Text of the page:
By taking advantage of the DISC, you’ll gain a better understanding of how to best lead your existing staff and how a potential new hire will fit on your team.
P.S. For a comprehensive guide to how to recruit, hire, manage and de-hire staff, check out The Staffing Workshop.
“Criticism is something we can avoid easily by saying nothing, doing nothing, and being nothing”
Did you know that each month, as a part of the “Church Leader Insights Family,” you receive the CLI Newsletter, directly to your inbox, packed with the best church leadership content I can find.
Just in case you missed it, here’s an Andy Stanley article that was included in this month’s newsletter:
“You need to identify three or four gauges to watch. Attendance is an obvious one. As a church, there will always be a need to know that particular number. But if we laser in on attendance and ignore everything else, we’ll get such a small picture of the real health of our churches.
I encourage you to dig deeper and think about things like: How many leaders vs. apprentices do we have in our ministries? How many seasoned leaders are helping vs. newcomers that need help?
As you find the correct gauges, you’ll discover that they help monitor health as well as growth.” Read More…
The Church Leader Insights Newsletter is designed to bring you the best available material on Church Growth, Evangelism, Leadership and Church Planting every month – and all you have to do is check your email!
If you’re not already subscribed, you can click this link to sign up right now.
I wanted to take a quick opportunity this morning to tell you about one of the pastors from my coaching network who are really doing great things for God’s Kingdom.
Today, I want to share with you Mike McGown, Senior Pastor of Parkway Fellowship in Katy, TX (West Houston Area). In this short video testimony, you’ll hear how the network (and coaching in general) has made an impact in his leadership and his church.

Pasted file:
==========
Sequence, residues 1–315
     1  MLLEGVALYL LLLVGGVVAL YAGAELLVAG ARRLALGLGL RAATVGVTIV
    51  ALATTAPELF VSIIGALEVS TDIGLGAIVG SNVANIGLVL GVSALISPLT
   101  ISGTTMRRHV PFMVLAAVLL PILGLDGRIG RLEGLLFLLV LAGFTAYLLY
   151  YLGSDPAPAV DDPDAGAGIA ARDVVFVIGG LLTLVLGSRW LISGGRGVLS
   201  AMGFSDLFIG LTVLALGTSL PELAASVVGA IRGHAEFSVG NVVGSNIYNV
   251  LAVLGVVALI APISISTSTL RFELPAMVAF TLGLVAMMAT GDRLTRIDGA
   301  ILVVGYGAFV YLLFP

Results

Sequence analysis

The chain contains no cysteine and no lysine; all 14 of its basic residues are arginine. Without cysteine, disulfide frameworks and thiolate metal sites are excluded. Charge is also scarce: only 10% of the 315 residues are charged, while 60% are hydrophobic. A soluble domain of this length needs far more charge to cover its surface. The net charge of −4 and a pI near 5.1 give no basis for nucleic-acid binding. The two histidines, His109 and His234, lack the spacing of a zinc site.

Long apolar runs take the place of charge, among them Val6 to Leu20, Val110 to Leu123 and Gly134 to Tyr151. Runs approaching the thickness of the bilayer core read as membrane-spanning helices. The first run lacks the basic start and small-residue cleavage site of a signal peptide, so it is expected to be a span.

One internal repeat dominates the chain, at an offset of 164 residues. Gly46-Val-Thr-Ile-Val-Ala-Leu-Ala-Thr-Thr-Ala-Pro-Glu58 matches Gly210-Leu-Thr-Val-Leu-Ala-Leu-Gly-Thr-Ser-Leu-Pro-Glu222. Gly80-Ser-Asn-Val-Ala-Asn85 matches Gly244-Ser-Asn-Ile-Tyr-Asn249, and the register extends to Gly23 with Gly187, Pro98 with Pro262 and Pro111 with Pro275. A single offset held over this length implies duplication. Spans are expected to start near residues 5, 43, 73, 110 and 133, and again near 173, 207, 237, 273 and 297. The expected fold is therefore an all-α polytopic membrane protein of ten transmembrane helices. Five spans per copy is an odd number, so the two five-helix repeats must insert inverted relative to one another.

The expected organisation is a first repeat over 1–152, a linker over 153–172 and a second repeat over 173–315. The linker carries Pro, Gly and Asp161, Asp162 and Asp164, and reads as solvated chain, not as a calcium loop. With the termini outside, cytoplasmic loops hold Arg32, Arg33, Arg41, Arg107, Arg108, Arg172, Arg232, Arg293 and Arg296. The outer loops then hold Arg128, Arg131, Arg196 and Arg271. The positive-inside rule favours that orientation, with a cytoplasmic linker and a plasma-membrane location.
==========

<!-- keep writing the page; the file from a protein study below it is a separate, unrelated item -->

It’s the Kingdom results that I hear about from pastors like Mike that has me pumped about my upcoming Tele-Coaching Network for Senior Pastors:
|[flow href="http://cli.s3.amazonaws.com/media/videos/2010TC/SANY0057.flv" width="250" height="163"]||Mike McGown
Will you consider applying for my new Senior Pastor Tele-Coaching Network?
It starts August 19 and is almost 50% full – apply today!
For more information or to apply now, visit:
Welcoming new people to your church is one of the pillars of a solid Assimilation System (not to mention a demonstration of Christian hospitality).
But whether we like it or not, many of the people greeting newcomers at our churches aren’t sure how to make others feel welcome.
First impressions are so important that I recommend having a brief training for all of your greeters every Sunday (yes every Sunday).
Recently, I ran across a good article about this from my friend Hal Seed - he asks his people to “LINE-UP” and welcome new people every weekend:
How much time does it take for a visitor to decide whether or not they will return to your church? Experts pose differing numbers on this. Some say as quickly as 90 seconds. Others say three minutes. Still others say they take as long as 12 minutes to decide. Whoever is right, making a good first impression is imperative if you are going to retain first time visitors. Doing this well will change as your church grows.
Churches with attendance under 150 can make a friendly first impression by stationing two or three outgoing volunteers at their front doors. In this size church, newcomers are able to look around the crowd and find the “people like me” pretty quickly. “People like me,” is key to assimilating newcomers in smaller churches.
Once you get to 200 or more, the number of names and faces is large enough that you’ll an exceptionally committed volunteer to be at the door at least 45 weekends a year. Since the average Sunday school teacher only attends church 39 weeks a year, you probably won’t find such a person. Hence, a staff member needs to assume this responsibility. When our church was under 400, my associate pastor met every first time visitor and introduced them to others. If you ask anyone who came during that era, “Who did you meet first?” there answer was always, “Scott Evans.”